“Agitation is what America’s all about,” said populist author and radio talk show host Jim Hightower at the Missoula New Party’s Third Annual Progressive Awards Ceremony last Friday night. “Nothing wrong with being an agitator. That’s the center post in the washing machine that gets the dirt out.”
Invoking the names of such famous agitators as Thomas Paine, Sojourner Truth, the Wobblies, the Suffragists, Martin Luther King Jr. and Cesar Chavez, Hightower paid tribute to some of Missoula’s most outstanding progressive activists and agitators, whose accomplishments span the years and the spectrum of progressive causes: from the drafting of the Montana Constitution in 1972 to the establishment two years ago of Missoula’s neighborhood councils, from the preservation of the Missoula Valley’s native plant and grass species to the organization of labor unions in Montana lumber mills.
Hightower spoke before a packed house at the Orchard Homes Country Life Club for about 40 minutes, and while he was billed as the main attraction at the $25-a-plate fundraiser dinner, it was the local award winners who drew the most enthusiastic applause.
The first honorees of the evening were Mae Nan Ellingson and Daphne Jones, who shared the “This Land is Your Land” award for their work in representing Missoula during the 1972 Montana Constitutional Convention. Both Ellingson and Jones were instrumental in drafting the Montana Constitution, widely considered one of the most progressive political documents in the world.
“[The Convention] happened at a time when people believed in government, when people believed in the ability of the citizens of Montana to govern themselves,” said Ellingson, who, at age 24, was the youngest of all state delegates. “We were not afraid of ourselves or what we could do when we came together collectively.”
“We were very lucky,” said Jones, a longtime Missoula activist. “Labor was with us and the environmentalists were with us, and we all worked together. And I don’t think the state even knew what happened.”
The “Going Beyond Pious Entreaties” award recognized Steve Garnaas-Holmes, pastor at the First United Methodist Church in Missoula. Garnaas-Holmes, perhaps better known for his performances on the Montana Logging and Ballet Company, has been an outspoken proponent of the living wage in Missoula, one of only a handful of local clergymen to do so. As a fighter for social and economic justice, Garnaas-Holmes has worked to give a voice to the voiceless, and his program, “Welcoming Everybody,” which encourages gay and lesbian members to join his congregation, has created a more open and welcoming environment in the faith community .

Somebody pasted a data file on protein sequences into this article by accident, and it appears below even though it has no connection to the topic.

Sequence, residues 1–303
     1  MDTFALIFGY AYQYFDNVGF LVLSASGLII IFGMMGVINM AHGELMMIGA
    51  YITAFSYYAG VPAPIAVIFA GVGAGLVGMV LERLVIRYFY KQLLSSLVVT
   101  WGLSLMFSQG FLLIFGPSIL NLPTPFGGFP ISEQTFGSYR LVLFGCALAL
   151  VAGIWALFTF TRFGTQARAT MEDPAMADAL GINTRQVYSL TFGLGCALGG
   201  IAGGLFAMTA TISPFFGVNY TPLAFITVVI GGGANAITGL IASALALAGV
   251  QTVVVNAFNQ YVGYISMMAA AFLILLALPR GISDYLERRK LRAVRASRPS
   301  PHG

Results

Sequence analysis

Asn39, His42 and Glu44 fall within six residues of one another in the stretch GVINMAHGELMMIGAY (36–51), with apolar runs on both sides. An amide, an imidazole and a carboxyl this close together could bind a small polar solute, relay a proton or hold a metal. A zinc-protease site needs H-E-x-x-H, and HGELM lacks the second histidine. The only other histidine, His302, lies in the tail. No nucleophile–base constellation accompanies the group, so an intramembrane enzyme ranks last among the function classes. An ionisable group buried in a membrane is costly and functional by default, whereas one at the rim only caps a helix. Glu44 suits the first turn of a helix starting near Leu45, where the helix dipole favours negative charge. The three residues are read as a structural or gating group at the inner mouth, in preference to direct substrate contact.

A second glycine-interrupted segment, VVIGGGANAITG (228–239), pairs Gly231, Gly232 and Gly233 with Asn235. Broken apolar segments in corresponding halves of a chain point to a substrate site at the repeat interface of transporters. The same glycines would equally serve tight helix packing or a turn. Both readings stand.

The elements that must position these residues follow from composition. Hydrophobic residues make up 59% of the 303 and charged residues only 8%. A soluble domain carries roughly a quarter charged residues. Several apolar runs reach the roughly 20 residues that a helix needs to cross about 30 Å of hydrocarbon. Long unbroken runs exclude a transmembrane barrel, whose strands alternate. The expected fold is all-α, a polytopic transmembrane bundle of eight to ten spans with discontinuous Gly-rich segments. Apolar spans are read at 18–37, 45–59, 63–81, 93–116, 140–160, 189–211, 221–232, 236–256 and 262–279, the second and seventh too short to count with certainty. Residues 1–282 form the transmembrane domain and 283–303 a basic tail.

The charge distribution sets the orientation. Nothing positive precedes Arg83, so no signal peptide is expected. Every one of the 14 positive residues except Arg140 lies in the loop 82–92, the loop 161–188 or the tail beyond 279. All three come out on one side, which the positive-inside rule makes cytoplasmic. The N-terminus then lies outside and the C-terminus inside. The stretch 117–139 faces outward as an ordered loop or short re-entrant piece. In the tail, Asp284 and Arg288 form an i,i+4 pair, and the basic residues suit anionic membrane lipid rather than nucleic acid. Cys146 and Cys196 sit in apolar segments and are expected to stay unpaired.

The New Party also recognized the local foreign language school, Spanish Time, with the “Not Business As Usual” Award. Spanish Time, founded in 1987 by Bettina Escudero and now run by Melissa Bangs and her uncle Dennis Bangs, not only allows children and adults to experience a foreign language first hand, but introduces them to the richness and variety of Latin American politics and culture.
This year’s dual recipients of the “Empowering the Citizens” award, long-time Missoula activists Lin and Judy Smith, could hardly be more deserving of public recognition. Just about every progressive cause that has engaged the Missoula community has engaged these two sisters: the peace movement, the environment, affordable housing, equal rights, alternative transportation, growth management and neighborhood schools, to name but a few. Their tireless efforts to launch the neighborhood councils on a shoestring budget, at times with little or begrudging political support, is a testament to their faith in grassroots participatory democracy and neighborhood empowerment.
Missoula native and labor activist Jason Miller received the “Justice on the Job” award for his work at organizing mill workers in Eureka. Miller took a four-month leave of absence from his job at the Bonner mill to accomplish the task, and now serves as president of Local 3038 in Missoula, having also helped win a union election at Clawson Manufacturing in Missoula.
“I know that thanks to emerging labor leaders like Jason Miller, the labor movement in Montana will offer something the right wing cannot and will not: economic justice for all,” said local union activist Jacquie Helt.
The “Hold Them Accountable” award was given to Native American activist Janet Robideau for her tireless efforts as project director of Indian People’s Action, for raising awareness of Native American issues and shining the harsh light of scrutiny on the harassment and inattention that Indians suffer under antiquated and biased public policies.
“Montana People’s Action was brave enough to take a chance and work to build a voice that has gone unheard for far too long,” said Robideau, in a written statement. “As members of the invisible minority, IPA is not only being heard, but we are now accomplishing and changing things that are long overdue.”
Finally, the “Native Grass Roots” award went to Missoula botanist John Pierce, who is probably best known for his work on the Clark Fork Native Prairie Project and John Toole Park. Under Pierce’s leadership, the project has not only allowed native species to reestablish themselves, but he has created a living legacy and a seed source for future restoration projects in the Missoula Valley. His parting words to the audience were an entreaty that similar efforts, of whatever stripe, continue in this community.
“If some of you also have things that you feel would make this community a better place to live,” said Pierce, “well, set aside your golf clubs, put down your book, turn off the Internet and go out there and make it happen.”
Hightower himself couldn’t have said it better.